Most people today have a Facebook, Twitter, Instagram or Snapchat; each of these are useful tools to stay in contact with friends and family, express our ideas and allow us to utilize our right of free speech. These platforms, however, can be a determining factor in if you are hired for a position in which you have applied. With social media becoming as popular as it is, more employers are beginning to look at potential employees social media pages before making their hiring decision. Though these websites do have privacy settings – they do not make everything you post “private.” Through previously serving as the Social Media Coordinator, and now the Public Relations Director, for our Chapter, I have become more aware of what should, and should not, be posted. Here are my tips on how to remain professional online:
Separate personal from professional
Your social media platforms do not only have to have work information on them. They are your own personal thoughts and ideas, and you do use them to connect with family and friends, as well as colleagues and employers. You want your social media to reflect who you are as a person, but the authentic, respectful you.
Never post bad things about employers or coworkers
This relates to present and past – no matter the circumstance, do not post any negative feedback information about work experiences. You would not want those employers to give you a negative reference to a new employer, so do not do the same. Like we learned when we were younger – if you do not have anything nice to say, do not say anything at all.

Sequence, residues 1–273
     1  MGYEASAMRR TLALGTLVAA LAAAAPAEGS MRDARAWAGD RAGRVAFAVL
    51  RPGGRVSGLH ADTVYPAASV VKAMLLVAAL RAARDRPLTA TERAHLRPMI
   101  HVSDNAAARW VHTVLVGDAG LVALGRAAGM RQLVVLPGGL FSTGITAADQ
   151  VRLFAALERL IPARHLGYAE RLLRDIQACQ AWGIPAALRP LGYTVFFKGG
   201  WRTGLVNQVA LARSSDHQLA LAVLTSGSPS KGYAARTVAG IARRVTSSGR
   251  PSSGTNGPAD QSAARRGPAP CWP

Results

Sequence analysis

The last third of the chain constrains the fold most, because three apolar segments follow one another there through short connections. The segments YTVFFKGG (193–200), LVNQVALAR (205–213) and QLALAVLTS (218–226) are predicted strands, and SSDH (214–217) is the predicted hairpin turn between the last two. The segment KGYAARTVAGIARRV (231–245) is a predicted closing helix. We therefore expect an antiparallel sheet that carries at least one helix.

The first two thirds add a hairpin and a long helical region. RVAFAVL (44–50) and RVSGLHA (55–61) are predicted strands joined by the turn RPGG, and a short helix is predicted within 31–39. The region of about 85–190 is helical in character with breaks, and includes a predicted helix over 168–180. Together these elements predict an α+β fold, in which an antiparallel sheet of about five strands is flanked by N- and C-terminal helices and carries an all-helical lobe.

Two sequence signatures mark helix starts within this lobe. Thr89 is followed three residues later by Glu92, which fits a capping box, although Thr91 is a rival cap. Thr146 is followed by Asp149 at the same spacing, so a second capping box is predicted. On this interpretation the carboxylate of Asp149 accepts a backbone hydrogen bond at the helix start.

Respond to criticism with dignity and grace
Although it’s recommended that it’s inappropriate to criticize others publicly, not everyone follows this rule. If you are ever openly criticized on social media platforms, do not engross in the conflict. Address the criticism in a respectful and dignified manner, and then continue the discussion offline.
If you wouldn’t want your grandmother to see it, it isn’t worth posting
People enjoy posting their whole lives on social media for the people in their life to enjoy. Though not every detail of your life needs to be on Twitter and Facebook. Always think, “what would my (role model) think of this?” or “What kind of attention will this get me?”
Social media is becoming an everyday tool in the world of public relations – and it is imperative that we, as young professionals, keep up with these trends. By following these steps, we can behave more professionally online, and hopefully help secure our potential dream jobs.
Natalie Gloady is a current junior at Waynesburg University, where she is majoring in Public Relations and Sports Information, while minoring in Spanish. She serves as the Public Relations Director for WUPRSSA, and is active in other campus activities. You can typically find her looking at social media, getting coffee, or on the softball field. She hopes to pursue a job in the sports industry after graduation.